October 12, 2019
ANOTHER retired police general who testified at the Senate blue ribbon committee hearing last Wednesday has driven the last nail on the coffin of Oscar Albayalde.
Retired Brig. Gen. Rody Lacadin, who investigated the policemen involved in the drug raid in Pampanga six years ago when a large portion of the P640 million worth of seized crystal meth (shabu) was sold in the market, said the Philippine National Police (PNP) chief had called him to intercede for his former subordinates.
Albayalde was the Pampanga police director when the raid took place, and the policemen involved were under him.
Lacadin said Albayalde, who had been relieved as Pampanga director following the incident, called him and asked whether he was investigating the cops involved.
During their phone conversation, Albayalde reportedly admitted to Lacadin that he had received part of the proceeds from the shabu sold.
“Actually, sir, kaunti lang naman ang napunta sa akin (I only got a small share),” the then-Senior Supt. Albayalde was quoted by Lacadin as saying.
As an aside, why would the Big Boss, who is the mastermind, get only a small amount from his men?
Baligtad na ang mundo (The world has been turned upside down): The mastermind always gets the lion’s share of the loot.
Lacadin looked and sounded spontaneous when he made that revelation at the Senate hearing.
Albayalde, of course, has denied Lacadin’s allegations.
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Lacadin has to answer why he didn’t press charges against Albayalde after the latter admitted to having received a small amount from the proceeds of the “recycled” shabu.
It’s obvious that Lacadin was part of the cover-up of the mess.
What was Lacadin’s recommendation to higher-ups on the results of his investigation?
Why were those “ninja cops” — policemen who sell the illegal drugs that they have confiscated — not charged in court and were only demoted?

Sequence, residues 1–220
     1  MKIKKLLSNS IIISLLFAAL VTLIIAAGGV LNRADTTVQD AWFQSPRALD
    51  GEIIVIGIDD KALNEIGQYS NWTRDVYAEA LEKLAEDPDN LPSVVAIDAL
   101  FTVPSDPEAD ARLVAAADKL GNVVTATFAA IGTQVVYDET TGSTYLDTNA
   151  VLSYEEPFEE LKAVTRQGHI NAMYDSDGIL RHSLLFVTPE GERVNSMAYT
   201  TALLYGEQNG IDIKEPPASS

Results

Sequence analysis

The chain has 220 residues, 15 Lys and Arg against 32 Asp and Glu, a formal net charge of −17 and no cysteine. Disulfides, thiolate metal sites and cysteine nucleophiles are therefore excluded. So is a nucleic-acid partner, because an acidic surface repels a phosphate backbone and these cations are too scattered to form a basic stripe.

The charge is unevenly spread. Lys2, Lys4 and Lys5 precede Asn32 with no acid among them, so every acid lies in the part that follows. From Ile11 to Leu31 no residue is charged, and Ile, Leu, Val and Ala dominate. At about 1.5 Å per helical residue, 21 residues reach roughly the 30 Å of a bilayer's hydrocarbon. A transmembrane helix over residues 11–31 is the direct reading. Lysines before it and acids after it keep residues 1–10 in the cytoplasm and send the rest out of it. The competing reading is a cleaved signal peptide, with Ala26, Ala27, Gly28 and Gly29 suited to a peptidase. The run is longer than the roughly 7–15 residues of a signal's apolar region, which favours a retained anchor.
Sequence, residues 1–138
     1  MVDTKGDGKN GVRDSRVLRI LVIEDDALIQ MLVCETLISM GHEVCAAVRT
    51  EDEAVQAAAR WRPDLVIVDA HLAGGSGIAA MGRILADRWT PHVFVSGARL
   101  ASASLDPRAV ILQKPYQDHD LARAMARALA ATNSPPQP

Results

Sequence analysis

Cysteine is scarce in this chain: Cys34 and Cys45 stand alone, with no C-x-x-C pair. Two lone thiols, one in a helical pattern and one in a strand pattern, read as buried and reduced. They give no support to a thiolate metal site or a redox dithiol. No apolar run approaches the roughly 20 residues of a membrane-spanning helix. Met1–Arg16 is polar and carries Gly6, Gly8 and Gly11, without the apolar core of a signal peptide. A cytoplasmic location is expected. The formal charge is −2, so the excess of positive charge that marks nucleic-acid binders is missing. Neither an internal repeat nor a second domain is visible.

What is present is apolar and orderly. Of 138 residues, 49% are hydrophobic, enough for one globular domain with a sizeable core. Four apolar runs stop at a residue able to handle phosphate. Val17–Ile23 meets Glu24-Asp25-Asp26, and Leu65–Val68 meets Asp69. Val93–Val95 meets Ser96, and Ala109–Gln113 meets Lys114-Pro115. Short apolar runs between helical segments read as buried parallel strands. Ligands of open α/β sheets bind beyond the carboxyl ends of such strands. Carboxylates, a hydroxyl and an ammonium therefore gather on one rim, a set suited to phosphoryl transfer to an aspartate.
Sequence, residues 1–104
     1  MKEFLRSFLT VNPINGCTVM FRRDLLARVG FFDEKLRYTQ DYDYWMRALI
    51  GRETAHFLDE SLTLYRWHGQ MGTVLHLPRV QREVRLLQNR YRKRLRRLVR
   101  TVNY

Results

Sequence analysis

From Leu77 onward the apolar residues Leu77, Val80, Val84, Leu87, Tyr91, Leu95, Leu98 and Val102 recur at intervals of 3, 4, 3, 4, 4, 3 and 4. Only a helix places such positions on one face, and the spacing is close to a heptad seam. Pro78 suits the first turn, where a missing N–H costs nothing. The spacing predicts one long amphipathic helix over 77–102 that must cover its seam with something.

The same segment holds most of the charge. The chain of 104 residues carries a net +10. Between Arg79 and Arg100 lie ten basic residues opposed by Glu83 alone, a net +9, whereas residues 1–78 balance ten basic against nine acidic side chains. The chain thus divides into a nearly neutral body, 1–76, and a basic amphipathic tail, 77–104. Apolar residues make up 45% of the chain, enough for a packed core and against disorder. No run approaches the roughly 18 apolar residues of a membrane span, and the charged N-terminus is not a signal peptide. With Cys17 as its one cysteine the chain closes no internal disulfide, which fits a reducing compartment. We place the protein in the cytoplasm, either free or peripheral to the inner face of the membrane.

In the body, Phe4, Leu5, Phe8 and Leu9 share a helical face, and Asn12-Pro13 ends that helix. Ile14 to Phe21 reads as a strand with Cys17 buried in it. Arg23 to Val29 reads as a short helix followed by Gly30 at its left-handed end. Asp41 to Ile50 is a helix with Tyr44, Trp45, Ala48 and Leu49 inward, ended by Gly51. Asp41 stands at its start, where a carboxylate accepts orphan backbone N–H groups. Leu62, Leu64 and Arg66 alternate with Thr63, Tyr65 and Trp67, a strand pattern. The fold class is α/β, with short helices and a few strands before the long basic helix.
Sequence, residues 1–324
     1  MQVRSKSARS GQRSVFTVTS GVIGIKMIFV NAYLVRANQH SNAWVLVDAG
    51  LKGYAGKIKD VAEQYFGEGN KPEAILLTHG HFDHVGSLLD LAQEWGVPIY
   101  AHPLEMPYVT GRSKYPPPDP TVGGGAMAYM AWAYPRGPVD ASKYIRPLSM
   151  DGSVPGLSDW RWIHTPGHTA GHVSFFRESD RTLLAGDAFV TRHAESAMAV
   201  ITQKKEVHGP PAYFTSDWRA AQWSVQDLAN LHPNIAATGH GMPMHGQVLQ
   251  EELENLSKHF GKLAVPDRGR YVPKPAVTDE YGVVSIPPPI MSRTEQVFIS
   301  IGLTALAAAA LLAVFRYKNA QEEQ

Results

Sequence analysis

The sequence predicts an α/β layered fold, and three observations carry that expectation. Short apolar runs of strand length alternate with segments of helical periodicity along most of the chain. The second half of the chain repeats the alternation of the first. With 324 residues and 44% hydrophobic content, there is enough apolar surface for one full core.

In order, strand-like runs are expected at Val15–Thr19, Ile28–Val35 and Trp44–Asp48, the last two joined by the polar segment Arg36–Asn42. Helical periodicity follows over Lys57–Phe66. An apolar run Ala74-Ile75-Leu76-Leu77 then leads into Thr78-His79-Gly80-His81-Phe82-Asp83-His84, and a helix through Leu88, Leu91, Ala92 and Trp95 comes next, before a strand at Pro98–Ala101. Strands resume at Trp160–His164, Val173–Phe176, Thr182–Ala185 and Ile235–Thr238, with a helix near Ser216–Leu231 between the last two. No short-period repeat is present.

The 13 policemen — let’s now call them “Albayalde’s 13 ninjas” — were just reassigned to Mindanao, but one of them was even given a juicy assignment, as chief of police of Tagaytay City.
Why, oh why?
Had Lacadin come out earlier — that is, after that fateful phone conversation — Albayalde would not have been appointed PNP chief.
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The Albayalde affair reeks of a massive cover-up.
Lacadin, a graduate of the Philippine National Police Academy (PNPA), probably reported his conversations with Albayalde to his superiors who are fellow alumni of Albayalde at the Philippine Military Academy (PMA).
Lacadin’s strong recommendation was most probably watered down to cover up the misbehavior of a fellow PMAyer.
Closing ranks, that’s the military term for comrades-in-arms coming to the aid of a beleaguered “mistah.”
The public has been witness to this kind of misplaced loyalty before.
When my brother Erwin got into a tiff with Social Welfare Secretary Rolando Bautista, the latter’s fellow PMAyers closed ranks and ganged up on Erwin.
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When then-PNP chief Ronald “Bato” dela Rosa retired from the service, he recommended Albayalde as his replacement.
President Digong didn’t know Albayalde’s background, merely relying on the word of his trusted man Bato.
If Bato, a PMA graduate himself, was respected by his subordinates, he would have been told about Albayalde’s dark past.
But Bato was not informed, and so he recommended Albayalde as his successor to the Commander-in-Chief.
And so that’s how the cookie crumbles.
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At the rate that Manila Mayor Francisco Domagoso, aka Isko Moreno, is clearing up the streets and every nook and cranny of obstruction, the capital may soon regain its old glory.
Before World War 2, Manila was known as the “Pearl of the Orient” because of its manicured streets, the regal walls of Intramuros and the famed Manila Bay sunset.
Isko Moreno, a former actor, wants to reclaim the city’s beauty, one agonizing step after another.
He’s succeeded in driving the vendors out of the sidewalks and even in the middle of the streets.
He’s disallowed cargo trucks to be parked in the city’s side streets, resulting in the smooth flow of traffic in major thoroughfares.
Upon Domagoso/Moreno’s invitation, many big companies are planning to set up their businesses in the capital city.
Moreno has encouraged big investors to continue reclaiming lands off Manila Bay that will soon add more space to the city.
One such investor is the Kho Group of China, which is reclaiming 407 hectares of land off Tondo that will soon be the site of shopping malls and residential condominiums.
Other investors are also reclaiming land from the sea off the bay in the southern portion of the city.
When the new cities will rise from reclaimed land from the Manila Bay, the capital will catch up in progress with its cosmopolitan neighbors Makati, Taguig, Pasay and Pasig.
What Moreno is doing to reclaim the title of Pearl of the Orient has not gone unnoticed in other parts of the country.
Even Filipinos abroad are talking about Moreno’s cleaning up the Augean stable that is Manila.
Credit belongs to : www.manilatimes.net